Thyroid Eye Disease
(Graves' Eye Disease)
Graves’ eye disease, also known as thyroid eye disease, is an autoimmune condition in which immune cells attack the thyroid gland which responds by secreting an excess amount of thyroid hormone. In thyroid eye disease, the immune system sets off an abnormal reaction to the muscles and fatty tissue around the eyes. The symptoms that occur in thyroid eye disease include dry eyes, watery eyes, red eyes, bulging eyes, a “stare,” double vision, difficulty closing the eyes, and problems with vision. Although many patients with thyroid eye disease will have abnormal blood tests for thyroid hormone levels, there are some people who get the eye symptoms even with normal hormone levels.
Eye Symptoms and Treatment
Thyroid eye disease can affect many different parts of the eye and surrounding tissues. Inflamed lacrimal glands may cause wet eyes or dry eyes. The abnormal immune reaction causes swelling in the tissues of the eyelids and orbit which can make the eyelids look puffy or as if the person has “baggy” eyelids. This can also create a sensation of pressure around the eyes. The swelling can be surgically altered to bring the lids back to a more normal shape.
The muscles in the eyelids tighten and pull the upper lid up and the lower lid down. This creates a startled look with too much of the whites of the eyes showing. This also can be surgically improved. The muscles which control movement of the eyes may be increased in size by the swelling. This can create problems with double vision and focusing. Prism glasses may be helpful, and this can also be improved by surgically moving the eye muscles.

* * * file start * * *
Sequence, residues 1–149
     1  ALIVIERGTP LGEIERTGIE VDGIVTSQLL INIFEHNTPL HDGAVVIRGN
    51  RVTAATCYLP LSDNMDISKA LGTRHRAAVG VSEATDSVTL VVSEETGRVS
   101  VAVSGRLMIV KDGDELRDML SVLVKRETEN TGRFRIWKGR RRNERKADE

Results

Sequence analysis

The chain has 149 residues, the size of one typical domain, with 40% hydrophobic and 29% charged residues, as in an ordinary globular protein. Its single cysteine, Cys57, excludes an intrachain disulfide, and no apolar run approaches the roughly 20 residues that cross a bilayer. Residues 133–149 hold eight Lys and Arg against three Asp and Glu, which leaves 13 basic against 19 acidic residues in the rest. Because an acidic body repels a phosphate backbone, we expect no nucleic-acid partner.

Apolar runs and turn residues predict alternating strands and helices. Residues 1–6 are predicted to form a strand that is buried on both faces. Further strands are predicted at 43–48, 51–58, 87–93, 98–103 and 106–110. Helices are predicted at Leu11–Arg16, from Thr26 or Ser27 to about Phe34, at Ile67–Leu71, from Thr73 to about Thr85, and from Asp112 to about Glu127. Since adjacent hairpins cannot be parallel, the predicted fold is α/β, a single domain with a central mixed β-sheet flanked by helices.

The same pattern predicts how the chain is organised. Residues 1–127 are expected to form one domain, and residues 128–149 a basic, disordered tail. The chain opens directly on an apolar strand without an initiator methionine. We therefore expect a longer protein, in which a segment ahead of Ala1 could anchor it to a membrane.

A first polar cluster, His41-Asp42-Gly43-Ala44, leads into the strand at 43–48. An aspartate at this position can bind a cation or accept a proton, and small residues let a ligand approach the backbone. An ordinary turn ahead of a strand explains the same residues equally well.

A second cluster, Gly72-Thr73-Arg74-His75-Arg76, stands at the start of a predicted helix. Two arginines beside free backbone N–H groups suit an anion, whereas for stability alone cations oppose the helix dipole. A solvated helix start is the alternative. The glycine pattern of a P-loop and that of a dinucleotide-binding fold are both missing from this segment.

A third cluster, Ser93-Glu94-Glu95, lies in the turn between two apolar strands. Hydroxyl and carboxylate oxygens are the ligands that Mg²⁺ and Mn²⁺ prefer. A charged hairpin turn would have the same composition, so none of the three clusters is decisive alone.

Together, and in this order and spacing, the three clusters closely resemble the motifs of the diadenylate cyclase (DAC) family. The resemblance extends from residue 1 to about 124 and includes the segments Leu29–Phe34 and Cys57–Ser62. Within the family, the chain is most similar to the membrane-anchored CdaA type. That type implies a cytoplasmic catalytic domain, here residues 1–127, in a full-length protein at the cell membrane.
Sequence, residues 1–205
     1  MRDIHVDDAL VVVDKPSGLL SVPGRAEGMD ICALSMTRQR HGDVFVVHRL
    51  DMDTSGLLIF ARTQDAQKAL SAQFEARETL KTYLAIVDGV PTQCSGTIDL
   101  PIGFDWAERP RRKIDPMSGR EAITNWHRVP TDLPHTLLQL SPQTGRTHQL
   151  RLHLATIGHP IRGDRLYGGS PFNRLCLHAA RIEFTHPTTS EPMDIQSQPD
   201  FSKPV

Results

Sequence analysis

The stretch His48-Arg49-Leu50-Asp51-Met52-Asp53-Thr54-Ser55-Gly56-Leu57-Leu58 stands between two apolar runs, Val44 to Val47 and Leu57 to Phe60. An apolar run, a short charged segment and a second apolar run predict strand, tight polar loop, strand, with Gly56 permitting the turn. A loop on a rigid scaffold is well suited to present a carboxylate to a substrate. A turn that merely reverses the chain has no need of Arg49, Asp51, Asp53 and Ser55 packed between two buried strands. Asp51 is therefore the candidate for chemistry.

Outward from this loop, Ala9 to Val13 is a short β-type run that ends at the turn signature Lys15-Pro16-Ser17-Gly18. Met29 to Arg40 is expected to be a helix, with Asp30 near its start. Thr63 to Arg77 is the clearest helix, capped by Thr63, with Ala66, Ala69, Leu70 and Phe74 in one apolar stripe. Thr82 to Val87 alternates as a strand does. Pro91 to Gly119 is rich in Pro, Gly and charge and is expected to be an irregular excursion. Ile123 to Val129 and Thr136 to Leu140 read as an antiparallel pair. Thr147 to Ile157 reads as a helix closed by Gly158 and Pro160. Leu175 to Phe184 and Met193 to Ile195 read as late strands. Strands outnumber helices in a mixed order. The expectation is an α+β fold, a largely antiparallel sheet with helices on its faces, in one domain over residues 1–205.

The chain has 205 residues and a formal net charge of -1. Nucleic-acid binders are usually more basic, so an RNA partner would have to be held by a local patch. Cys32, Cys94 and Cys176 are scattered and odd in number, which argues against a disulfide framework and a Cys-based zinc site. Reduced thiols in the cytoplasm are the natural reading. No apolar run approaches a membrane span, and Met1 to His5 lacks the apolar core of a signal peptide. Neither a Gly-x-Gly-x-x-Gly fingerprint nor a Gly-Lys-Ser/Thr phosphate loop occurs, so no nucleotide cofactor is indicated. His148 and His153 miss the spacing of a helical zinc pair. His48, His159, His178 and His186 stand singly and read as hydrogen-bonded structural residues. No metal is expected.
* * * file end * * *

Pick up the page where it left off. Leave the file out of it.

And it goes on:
There may be difficulty in closing the eyelids because the eye may be pushed forward and the eyelids pulled open by the muscles. This can lead to a corneal ulcer. A second danger to vision occurs when swollen tissues compress the optic nerve. The optic nerve functions as an extension cord between the eye and the brain to carry the message of vision. When the nerve is compressed, color vision is abnormal, lights may seem dimmer than usual, and the sharpness of the vision decreases. These changes may be reversed with treatment, but could progress to permanent loss of vision.
The treatment options for vision-threatening problems in thyroid eye disease include corticosteroids or other anti-inflammatory medications, radiation and surgery. A combination of these may be necessary to protect vision. Most people with thyroid eye disease do not get corneal ulcers or optic neuropathy, but it is important to understand the symptoms so you know when to seek help.